I was invited to another team’s weekly meeting a couple days ago, on Tuesday. I was asked to be the distributed computing “expert”. Sometime during the meeting, the presenter referred to our typical cluster architecture as comprising “master” and “slave” nodes.
In previous years, I might not have given this a second thought. But for some reason, this passing reference startled me.
When I reflected on why I was so startled, I recalled that I had seen posts earlier this year on avoiding terms with such historical, inequality-laden baggage.
At the time, I remember thinking how unimportant changing this kind of language would be. Sure, it’s dehumanizing to call undocumented immigrants “illegals.” Or conversely, American concentration camps simply as “detention centers.” But replacing “master” with “main” in our git repositories? Replacing “blacklist”? I wasn’t sure how much impact that’d make.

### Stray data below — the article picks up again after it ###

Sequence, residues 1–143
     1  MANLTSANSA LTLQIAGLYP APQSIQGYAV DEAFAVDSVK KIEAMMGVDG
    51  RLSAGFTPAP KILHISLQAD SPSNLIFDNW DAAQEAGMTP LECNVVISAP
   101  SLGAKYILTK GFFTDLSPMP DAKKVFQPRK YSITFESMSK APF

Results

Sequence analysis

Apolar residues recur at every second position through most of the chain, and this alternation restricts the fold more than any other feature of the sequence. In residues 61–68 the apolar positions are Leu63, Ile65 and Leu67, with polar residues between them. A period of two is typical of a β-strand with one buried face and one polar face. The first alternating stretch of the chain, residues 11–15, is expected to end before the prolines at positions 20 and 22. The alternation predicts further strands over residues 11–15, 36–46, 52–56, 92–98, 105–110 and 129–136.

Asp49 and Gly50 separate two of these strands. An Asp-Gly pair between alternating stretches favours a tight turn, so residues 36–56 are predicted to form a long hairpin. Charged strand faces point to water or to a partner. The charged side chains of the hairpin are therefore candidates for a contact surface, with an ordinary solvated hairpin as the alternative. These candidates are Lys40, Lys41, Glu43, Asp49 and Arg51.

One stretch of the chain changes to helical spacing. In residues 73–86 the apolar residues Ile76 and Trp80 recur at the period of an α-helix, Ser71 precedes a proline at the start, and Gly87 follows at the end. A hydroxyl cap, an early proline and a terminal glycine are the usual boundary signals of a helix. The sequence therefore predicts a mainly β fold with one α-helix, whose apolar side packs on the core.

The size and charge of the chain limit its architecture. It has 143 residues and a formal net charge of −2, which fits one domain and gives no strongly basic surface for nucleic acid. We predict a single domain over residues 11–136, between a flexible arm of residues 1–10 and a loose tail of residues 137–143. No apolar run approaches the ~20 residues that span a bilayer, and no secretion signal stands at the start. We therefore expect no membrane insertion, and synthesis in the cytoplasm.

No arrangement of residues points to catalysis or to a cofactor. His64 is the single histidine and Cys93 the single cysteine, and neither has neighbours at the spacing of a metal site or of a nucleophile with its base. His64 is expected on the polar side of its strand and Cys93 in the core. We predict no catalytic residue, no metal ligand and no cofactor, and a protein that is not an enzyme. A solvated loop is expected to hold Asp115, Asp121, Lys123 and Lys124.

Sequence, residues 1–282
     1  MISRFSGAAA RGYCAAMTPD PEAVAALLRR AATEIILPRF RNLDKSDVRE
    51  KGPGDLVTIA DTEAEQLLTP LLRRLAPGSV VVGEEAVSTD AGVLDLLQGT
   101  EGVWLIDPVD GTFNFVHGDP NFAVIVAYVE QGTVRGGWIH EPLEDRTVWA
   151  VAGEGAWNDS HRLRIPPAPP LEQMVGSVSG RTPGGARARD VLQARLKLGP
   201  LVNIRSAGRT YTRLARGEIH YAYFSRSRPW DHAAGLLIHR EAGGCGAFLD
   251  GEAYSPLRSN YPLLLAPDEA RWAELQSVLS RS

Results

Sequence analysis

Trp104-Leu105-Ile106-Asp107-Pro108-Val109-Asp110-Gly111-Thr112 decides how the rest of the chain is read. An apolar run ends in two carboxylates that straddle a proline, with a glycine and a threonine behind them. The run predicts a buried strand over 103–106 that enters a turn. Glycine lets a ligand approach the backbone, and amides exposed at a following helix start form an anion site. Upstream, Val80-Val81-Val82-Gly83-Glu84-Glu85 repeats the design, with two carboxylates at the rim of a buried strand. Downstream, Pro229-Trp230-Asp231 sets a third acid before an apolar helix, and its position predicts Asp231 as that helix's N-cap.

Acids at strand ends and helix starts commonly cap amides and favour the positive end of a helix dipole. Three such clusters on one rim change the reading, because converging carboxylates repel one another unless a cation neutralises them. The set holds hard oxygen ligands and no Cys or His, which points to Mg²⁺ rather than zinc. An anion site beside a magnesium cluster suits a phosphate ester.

As for our cluster, when I later looked at our configurations, there’s actually no mention of “master” or “slave.” Rather, it’s “driver” and “worker.” I’ll be more intentional about using those more inclusionary terms in the future.